Written by Sam Greasley-Machin (@Greasley_Machin)
Second from bottom, winless in eight with seven losses in the process – it’s really not looking good for Bournemouth to say the least, and the impending doom of relegation to the second tier seems inevitable.
That is without change, the Cherries are bottom in terms of points since the last international break in December and look like a team already beaten and down.
Eddie Howe has done a magnificent job to say the least since taking the helm when the South Coast side were in League One, and an equally impressive job in the top flight until now.
What Howe has achieved is something only most managers can dream of and plenty of EFL fans will no doubt be envious of Bournemouth’s rise, but it’s beginning to fall apart.
Both Howe and Bournemouth have picked up plaudits for playing attractive football, thrilling spectators with their ‘gung ho’ approach, which has perhaps been a key factor in his downfall this year because it’s the ‘uglier’ side of football that is letting Bournemouth down.
Their performances look like a side that’s beaten with no fight, no desire and certainly not the defensive displays needed to remain in the Premier League.
The team is far from the side that came up in terms of personnel, the hunger and fight or die trying attitude absent from the side that was promoted. It’s a team lacking leadership, unity and most bizarrely a real goal threat.
To stand a chance, and it’s still a slim chance, of fortunes changing with five games to go, the Cherries need to bring in a manager that isn’t afraid to play more industrious football and bring some nastiness to the squad.
Sam Allardyce looks a good fit for that and currently being out of a job would be easy to bring in. The short lived England boss knows how to survive a relegation fight and pull off a miracle.
Perhaps more importantly, unlike Big Sam’s counterparts such as Alan Pardew or Tony Pulis, he has experience with bigger clubs like Everton, a club that Bournemouth no doubt aspired to match only a season or two ago.
Of course there’s no guarantee and switching managers will always be a gamble, especially at this point in the season, but as it stands it’s got to be worth a punt because this side is going down with Eddie Howe.
It certainly could be argued that it’s already too late, Watford’s dramatic comeback against Norwich heaps even more pressure on the Cherries with a four-point gap now separating them from safety. But a short run of form aided by the ‘new manager bounce’ and a different approach to tactics could still be enough to remain in the division. Unfortunately, that one win really doesn’t look like it will come under Howe, with chances to clamber out of trouble repeatedly missed over the past few weeks.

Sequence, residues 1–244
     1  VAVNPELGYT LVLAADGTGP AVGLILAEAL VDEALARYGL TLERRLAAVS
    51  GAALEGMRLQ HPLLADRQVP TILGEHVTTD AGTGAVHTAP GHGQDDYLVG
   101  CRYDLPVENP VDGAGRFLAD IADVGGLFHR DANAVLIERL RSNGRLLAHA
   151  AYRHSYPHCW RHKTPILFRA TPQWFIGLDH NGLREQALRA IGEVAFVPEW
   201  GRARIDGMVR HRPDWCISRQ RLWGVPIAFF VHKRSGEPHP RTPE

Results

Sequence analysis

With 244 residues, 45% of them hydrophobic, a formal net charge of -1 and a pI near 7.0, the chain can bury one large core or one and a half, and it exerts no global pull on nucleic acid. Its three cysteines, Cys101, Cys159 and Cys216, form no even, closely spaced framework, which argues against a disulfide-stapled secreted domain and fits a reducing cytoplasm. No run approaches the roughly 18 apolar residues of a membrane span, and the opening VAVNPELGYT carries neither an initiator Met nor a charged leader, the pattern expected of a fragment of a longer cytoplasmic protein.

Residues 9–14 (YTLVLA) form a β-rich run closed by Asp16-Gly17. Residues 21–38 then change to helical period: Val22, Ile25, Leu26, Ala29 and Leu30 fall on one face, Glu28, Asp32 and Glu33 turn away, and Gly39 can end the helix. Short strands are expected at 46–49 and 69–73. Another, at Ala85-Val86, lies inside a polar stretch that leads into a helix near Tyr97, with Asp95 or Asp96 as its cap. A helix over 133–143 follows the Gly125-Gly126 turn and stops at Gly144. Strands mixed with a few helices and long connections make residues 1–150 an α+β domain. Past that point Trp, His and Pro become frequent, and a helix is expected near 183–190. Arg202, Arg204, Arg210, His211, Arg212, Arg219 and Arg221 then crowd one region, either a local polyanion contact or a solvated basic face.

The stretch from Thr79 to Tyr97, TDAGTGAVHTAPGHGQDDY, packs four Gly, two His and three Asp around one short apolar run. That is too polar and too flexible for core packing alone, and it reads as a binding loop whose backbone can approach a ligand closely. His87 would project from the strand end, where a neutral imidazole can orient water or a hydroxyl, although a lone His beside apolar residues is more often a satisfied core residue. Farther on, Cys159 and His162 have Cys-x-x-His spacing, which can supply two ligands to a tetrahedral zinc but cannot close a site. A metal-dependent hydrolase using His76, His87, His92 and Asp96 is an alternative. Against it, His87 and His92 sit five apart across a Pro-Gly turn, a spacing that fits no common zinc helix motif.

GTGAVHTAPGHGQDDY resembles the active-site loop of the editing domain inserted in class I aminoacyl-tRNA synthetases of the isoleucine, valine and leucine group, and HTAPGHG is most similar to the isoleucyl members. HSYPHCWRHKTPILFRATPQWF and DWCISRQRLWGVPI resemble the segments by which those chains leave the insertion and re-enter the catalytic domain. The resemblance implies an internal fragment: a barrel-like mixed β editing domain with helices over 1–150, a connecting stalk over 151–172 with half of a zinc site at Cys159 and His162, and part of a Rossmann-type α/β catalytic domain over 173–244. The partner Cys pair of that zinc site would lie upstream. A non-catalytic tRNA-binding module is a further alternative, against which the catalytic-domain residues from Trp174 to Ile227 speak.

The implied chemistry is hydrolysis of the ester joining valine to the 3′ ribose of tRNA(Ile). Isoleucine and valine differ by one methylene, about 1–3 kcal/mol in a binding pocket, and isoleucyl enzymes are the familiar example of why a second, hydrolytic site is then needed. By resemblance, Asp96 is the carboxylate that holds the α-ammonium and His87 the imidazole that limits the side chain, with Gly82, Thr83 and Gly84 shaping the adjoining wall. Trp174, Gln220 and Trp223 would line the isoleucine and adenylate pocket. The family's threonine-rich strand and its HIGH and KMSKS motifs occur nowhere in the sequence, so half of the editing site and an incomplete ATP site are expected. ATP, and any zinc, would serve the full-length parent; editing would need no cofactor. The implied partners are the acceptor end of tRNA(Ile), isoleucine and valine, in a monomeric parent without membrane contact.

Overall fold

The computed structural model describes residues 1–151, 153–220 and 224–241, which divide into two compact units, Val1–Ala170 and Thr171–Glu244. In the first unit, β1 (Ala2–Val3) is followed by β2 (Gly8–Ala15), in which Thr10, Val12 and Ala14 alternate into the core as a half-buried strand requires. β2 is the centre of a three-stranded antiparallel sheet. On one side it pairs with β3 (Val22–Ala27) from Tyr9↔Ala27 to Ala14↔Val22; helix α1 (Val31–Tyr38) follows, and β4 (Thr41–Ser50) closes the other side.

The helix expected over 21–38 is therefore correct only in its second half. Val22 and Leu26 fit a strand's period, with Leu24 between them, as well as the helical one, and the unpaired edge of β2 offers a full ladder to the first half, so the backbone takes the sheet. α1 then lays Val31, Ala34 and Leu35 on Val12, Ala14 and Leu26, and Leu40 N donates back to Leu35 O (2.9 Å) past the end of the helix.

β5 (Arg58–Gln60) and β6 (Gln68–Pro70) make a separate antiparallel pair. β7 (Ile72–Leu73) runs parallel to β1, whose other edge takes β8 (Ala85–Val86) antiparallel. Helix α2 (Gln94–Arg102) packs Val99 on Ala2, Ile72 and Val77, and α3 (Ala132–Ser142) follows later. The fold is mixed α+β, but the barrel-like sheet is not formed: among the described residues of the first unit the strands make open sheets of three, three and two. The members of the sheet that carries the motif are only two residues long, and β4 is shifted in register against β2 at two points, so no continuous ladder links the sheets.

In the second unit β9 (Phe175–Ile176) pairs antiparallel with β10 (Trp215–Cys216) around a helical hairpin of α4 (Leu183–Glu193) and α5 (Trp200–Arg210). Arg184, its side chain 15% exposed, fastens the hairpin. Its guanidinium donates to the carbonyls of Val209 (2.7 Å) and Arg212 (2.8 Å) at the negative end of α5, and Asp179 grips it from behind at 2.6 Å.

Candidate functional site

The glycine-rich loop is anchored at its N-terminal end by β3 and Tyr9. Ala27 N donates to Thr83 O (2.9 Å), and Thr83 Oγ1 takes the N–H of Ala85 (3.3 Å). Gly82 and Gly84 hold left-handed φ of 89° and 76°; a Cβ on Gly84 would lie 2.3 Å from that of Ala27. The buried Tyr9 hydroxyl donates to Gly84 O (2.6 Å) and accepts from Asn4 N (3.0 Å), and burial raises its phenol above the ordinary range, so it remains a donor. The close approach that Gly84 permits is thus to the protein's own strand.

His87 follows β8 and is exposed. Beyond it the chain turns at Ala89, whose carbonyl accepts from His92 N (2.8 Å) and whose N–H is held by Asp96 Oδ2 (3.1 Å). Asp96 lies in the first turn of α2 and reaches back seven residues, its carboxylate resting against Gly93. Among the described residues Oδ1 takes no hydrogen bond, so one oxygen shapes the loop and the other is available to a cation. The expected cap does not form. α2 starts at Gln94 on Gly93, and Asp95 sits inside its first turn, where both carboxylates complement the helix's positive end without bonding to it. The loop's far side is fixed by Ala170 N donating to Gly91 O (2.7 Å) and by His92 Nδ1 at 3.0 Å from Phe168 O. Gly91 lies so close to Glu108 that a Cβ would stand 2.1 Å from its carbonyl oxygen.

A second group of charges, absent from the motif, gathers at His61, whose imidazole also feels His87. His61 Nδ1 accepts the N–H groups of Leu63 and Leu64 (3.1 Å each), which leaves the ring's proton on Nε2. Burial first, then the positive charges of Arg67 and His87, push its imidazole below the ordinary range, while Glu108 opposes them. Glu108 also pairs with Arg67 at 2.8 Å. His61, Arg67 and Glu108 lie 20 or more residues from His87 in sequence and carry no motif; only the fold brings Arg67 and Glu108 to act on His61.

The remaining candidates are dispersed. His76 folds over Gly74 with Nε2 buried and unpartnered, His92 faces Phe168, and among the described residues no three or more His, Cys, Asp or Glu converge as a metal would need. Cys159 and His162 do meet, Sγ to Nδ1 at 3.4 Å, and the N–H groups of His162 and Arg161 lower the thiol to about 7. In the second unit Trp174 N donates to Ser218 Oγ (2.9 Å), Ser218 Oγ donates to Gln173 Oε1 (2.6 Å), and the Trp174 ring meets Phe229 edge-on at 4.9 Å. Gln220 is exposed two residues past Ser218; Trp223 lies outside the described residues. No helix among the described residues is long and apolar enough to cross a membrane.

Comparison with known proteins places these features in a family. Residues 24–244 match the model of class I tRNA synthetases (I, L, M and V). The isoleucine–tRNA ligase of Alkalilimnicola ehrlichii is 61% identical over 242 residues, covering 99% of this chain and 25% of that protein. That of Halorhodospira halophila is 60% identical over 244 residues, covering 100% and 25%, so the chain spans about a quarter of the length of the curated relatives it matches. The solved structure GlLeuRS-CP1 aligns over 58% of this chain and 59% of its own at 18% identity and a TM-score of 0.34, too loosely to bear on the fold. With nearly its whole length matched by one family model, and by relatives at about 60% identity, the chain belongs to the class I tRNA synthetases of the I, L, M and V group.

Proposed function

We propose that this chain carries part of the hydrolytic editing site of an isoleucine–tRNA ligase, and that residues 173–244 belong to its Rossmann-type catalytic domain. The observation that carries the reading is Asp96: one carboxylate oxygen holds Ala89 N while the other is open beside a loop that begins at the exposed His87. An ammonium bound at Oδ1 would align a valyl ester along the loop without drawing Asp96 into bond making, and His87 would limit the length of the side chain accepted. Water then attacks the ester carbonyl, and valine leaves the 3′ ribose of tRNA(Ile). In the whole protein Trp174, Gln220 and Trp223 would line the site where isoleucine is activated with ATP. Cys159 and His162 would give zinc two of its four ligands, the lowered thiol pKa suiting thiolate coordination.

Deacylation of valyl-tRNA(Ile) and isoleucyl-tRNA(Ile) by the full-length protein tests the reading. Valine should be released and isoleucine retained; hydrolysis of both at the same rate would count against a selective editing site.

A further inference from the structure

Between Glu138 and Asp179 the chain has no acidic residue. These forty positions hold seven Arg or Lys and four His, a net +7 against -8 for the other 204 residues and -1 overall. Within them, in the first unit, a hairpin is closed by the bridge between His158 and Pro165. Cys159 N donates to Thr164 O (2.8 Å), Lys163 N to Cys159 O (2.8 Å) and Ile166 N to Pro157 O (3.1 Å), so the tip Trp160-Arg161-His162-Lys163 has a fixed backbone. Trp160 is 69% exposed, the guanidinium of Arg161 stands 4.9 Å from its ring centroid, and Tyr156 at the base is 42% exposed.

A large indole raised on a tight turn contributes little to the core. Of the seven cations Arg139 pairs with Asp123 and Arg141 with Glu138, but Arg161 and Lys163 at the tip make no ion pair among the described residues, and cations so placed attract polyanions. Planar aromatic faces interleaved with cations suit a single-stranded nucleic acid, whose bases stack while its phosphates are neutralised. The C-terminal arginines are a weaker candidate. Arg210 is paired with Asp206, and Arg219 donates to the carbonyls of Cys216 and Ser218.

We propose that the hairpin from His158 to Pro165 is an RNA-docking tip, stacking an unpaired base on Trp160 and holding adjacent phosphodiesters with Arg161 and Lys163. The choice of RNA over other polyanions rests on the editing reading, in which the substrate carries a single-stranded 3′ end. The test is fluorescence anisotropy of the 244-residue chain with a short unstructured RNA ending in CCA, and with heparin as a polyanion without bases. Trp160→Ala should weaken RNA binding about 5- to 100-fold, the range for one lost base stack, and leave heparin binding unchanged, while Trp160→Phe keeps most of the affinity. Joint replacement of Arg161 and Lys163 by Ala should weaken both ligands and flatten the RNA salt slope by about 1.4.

Norwich are already a team more or less relegated, with numerical confirmation required to seal their fate, and Aston Villa are still struggling for points despite West Ham and now Watford’s mini-revival.
For me, sacking Howe is a risk has got to be worth taking to stay in the division, the aforementioned ‘new manager bounce’ similar to that of Watford and Pearson earlier this campaign would surely be enough to keep them up, a short term goal that must be prioritised above all else.
On the other hand, should Bournemouth fail to remain in the first division and do switch manager they could find themselves in a tricky scenario. Certainly under Howe fans would have confidence that a swift return to the Premier League could be facilitated, but having an entirely new manager with no doubt a huge change in players over the summer could leave them in a predicament similar to Stoke and Huddersfield – stuck in the Championship with a constant rota of managers coming and going like so many clubs before them.
In that case, if the Bournemouth hierarchy really do believe they are down and out under Howe and wish to keep him, it might be better to remain with their current boss and begin prepping for the following season to return straight back to the top flight. Burnley represent a comparable club that have successfully accomplished this with Sean Dyche, and their are certainly parallels between Howe and Dyche’s respective tenures.
For now, Bournemouth’s aim has to be to remain in the Premier League, and in my opinion they must make one of their toughest choices to date and end their long running affiliation with Eddie Howe to stand any chance.